Most publishing contracts have all the legalese as standard boilerplate. Other than rates and rights, the only thing I've ever had to change was the clause about the publisher having first dibs on your next proposal. And that's never been an issue.

Most agents negotiate their own boilerplate contracts with major publishers, which are significantly better than the ones which publishers offer to unrepresented authors; and then they negotiate improvements specific to the book and author under consideration.


If you read my O.P. it says: "I've heard/read differing views re. relying solely on your agent to negotiate your publishing contract."

I don't see any reason to snark.


It's just a view I have read online (here (http://kriswrites.com/2012/07/18/the-business-rusch-deal-breakers-2012/), for example) and the point that agents are aligning more and more with publishers is something I have read in several blogs.

Ms Rusch offers a rather distorted view of trade publishing and literary agents on her blog. I wouldn't count on her providing reliable information. Rhetoric, however, she's good at.

victoriastrauss
07-29-2012, 06:42 AM
Ms Rusch offers a rather distorted view of trade publishing and literary agents on her blog. I wouldn't count on her providing reliable information. Rhetoric, however, she's good at.

I agree. Both she and her husband, Dean Wesley Smith, have a strong anti-agent bias, which they present as tough-talking realism. One reason their blogs are so popular, I think, is that what they say fits the angry/paranoid view of agents and publishers that's so prevalent among writers these days.

Grains of salt very much in order.

- Victoria

Filigree
07-29-2012, 02:23 PM
Also, bear in mind Kris Rusch had a starting advantage from her years in 'traditional' publishing - and that she's still doing very well in it. Many new readers of her blog may not know that.

lauralam
07-31-2012, 01:12 PM
Many agencies employ film and TV agents as well as literary agents. I can think of several which offer a full-service agency to their author clients.

This. My agency has an in-house foreign rights and Film/TV department, and many other agencies have film agencies they partner with as well.

I have zero hesitations or reservations about my agent. She's out to get me the best deal possible and help me build a career. Plus she's a sounding board for new ideas and does a great job of building my confidence, which I feel is vital as a new writer trying to navigate the publishing waters. It'd be a lot scarier trying to do all this without her.

Maybe in the current economic climate they simply know the publisher can't give as high an advance as the agent would like, etc. There's a lot of agents out there with different philosophies. But I think by far and away most of them are on the author--their client's--side.

lauralam
07-31-2012, 01:13 PM
Also, bear in mind Kris Rusch had a starting advantage from her years in 'traditional' publishing - and that she's still doing very well in it. Many new readers of her blog may not know that.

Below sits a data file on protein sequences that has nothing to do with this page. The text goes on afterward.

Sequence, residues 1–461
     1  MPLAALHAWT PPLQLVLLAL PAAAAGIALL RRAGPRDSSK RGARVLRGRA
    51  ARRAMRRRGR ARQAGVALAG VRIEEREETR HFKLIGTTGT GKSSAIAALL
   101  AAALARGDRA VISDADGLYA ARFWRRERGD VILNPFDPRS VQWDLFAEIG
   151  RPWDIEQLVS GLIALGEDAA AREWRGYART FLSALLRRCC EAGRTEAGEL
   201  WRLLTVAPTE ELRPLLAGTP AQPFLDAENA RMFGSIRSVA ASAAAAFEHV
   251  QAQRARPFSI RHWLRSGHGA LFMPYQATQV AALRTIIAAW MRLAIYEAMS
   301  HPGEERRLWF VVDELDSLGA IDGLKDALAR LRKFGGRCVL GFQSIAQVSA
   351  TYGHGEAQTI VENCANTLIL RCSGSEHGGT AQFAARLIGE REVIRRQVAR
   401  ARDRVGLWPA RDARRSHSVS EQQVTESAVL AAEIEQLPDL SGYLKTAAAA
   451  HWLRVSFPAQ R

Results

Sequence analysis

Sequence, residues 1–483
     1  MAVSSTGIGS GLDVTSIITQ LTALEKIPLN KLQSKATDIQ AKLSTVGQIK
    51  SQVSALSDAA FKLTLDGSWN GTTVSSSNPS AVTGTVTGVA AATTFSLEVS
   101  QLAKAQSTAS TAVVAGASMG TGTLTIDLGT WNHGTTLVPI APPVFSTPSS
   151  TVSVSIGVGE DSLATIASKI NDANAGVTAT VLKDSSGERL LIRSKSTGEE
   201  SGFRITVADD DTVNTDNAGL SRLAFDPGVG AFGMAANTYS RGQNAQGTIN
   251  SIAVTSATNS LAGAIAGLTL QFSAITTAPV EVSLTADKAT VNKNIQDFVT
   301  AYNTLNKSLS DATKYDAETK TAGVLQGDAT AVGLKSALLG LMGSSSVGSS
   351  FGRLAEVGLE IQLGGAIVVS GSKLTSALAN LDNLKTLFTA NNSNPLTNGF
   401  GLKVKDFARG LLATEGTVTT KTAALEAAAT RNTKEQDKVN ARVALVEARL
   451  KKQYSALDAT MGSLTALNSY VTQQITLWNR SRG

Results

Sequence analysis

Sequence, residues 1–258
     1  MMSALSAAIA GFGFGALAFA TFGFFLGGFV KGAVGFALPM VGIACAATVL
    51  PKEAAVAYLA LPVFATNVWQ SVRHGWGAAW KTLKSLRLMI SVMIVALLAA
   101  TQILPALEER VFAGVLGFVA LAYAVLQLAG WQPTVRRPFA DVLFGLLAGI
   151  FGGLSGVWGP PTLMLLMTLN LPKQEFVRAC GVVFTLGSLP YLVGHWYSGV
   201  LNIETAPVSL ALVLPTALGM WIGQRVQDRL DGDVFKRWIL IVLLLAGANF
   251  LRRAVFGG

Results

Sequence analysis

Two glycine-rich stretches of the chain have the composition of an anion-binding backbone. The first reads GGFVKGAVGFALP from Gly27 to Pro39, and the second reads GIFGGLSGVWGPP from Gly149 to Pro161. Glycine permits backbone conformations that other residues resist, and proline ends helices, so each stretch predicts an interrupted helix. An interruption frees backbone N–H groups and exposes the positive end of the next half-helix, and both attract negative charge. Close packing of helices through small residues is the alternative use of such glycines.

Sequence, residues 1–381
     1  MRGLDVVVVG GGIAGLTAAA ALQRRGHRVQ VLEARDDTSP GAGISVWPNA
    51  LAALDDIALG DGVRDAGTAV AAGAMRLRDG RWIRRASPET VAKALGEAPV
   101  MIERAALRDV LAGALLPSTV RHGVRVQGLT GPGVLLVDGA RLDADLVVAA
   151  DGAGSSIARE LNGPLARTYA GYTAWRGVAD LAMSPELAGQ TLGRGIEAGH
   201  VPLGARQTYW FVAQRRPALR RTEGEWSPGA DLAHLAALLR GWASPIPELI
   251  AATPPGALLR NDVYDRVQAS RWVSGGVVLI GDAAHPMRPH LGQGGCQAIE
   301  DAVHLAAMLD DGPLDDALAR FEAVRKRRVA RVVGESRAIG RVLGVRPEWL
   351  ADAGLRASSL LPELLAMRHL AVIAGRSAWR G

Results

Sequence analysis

I think she's straight-forward about that. She speaks a lot about diversifying your income stream, and I do think it's important for authors to be business-savvy.

Filigree
07-31-2012, 01:54 PM
That's good. I haven't followed her in a few months, so I couldn't remember. She goes through spells where she's more-or-less favorable to
commercial publishing.

Jamesaritchie
07-31-2012, 05:55 PM
Not all agents are created equal, and while they're supposed to work for the writer, most also must keep their own self-interest in mind. This often goes beyond any single writer or manuscript commission. Blind trust is never a good idea.

I prefer an IP attorney. He gets a one time fee, no royalties, and knows more about intellectual property and contracts than any agent. He also has no interest whatsoever in pleasing a publisher, in worrying about other writers, or other deals.

But I don't put blind trust in him, either. It's my career, and I need to know as much about business and contracts as he does.

Old Hack
07-31-2012, 09:23 PM
An IP lawyer won't sell your subsidiary rights for you, ensure that your publisher adheres to your contract, collect your payments for you and deal with any problems which come up along the route to publication.

An IP lawyer is no substitute for a good literary agent.

calieber
08-06-2012, 05:53 AM
Not all agents are created equal, and while they're supposed to work for the writer, most also must keep their own self-interest in mind. This often goes beyond any single writer or manuscript commission.
Assuming the agreement between me and the agent is fairly straightforward -- Publisher gives me $1.00, I give Agent $0.15, repeat -- it's not clear to me how our interests might conflict in regards to contract negotiation.


Blind trust is never a good idea.
That's true. Fortunately I like reading legalese.

kidcharlemagne
08-11-2012, 03:50 PM
Quote:
Originally Posted by kidcharlemagne
"If you read my O.P. it says: "I've heard/read differing views re. relying solely on your agent to negotiate your publishing contract."

I don't see any reason to snark.

It wasn't a snark. Just a clarification. No reason to be patronising.

Old Hack
08-11-2012, 06:58 PM
Quote:
Originally Posted by kidcharlemagne
"If you read my O.P. it says: "I've heard/read differing views re. relying solely on your agent to negotiate your publishing contract."

I don't see any reason to snark.

It wasn't a snark. Just a clarification. No reason to be patronising.

You were doing fine there until your last sentence.

If you'd said that to anyone else here, I'd have given you a time-out for it. I won't tolerate rudeness or name-calling. I hope that's understood.

In future if you have a problem with something a mod asks of you, take it to PM. Thank you.